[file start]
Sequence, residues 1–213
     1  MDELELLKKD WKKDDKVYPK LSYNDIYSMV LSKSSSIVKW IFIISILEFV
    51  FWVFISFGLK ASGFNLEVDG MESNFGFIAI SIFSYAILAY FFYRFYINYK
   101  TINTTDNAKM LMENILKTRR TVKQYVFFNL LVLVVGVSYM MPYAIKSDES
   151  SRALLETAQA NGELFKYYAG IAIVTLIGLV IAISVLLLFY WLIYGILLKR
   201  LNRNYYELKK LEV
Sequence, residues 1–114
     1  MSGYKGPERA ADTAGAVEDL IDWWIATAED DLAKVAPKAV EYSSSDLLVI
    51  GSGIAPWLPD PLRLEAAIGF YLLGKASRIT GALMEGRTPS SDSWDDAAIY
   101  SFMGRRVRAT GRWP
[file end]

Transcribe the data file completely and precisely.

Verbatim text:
Sequence, residues 1–213
     1  MDELELLKKD WKKDDKVYPK LSYNDIYSMV LSKSSSIVKW IFIISILEFV
    51  FWVFISFGLK ASGFNLEVDG MESNFGFIAI SIFSYAILAY FFYRFYINYK
   101  TINTTDNAKM LMENILKTRR TVKQYVFFNL LVLVVGVSYM MPYAIKSDES
   151  SRALLETAQA NGELFKYYAG IAIVTLIGLV IAISVLLLFY WLIYGILLKR
   201  LNRNYYELKK LEV
Sequence, residues 1–114
     1  MSGYKGPERA ADTAGAVEDL IDWWIATAED DLAKVAPKAV EYSSSDLLVI
    51  GSGIAPWLPD PLRLEAAIGF YLLGKASRIT GALMEGRTPS SDSWDDAAIY
   101  SFMGRRVRAT GRWP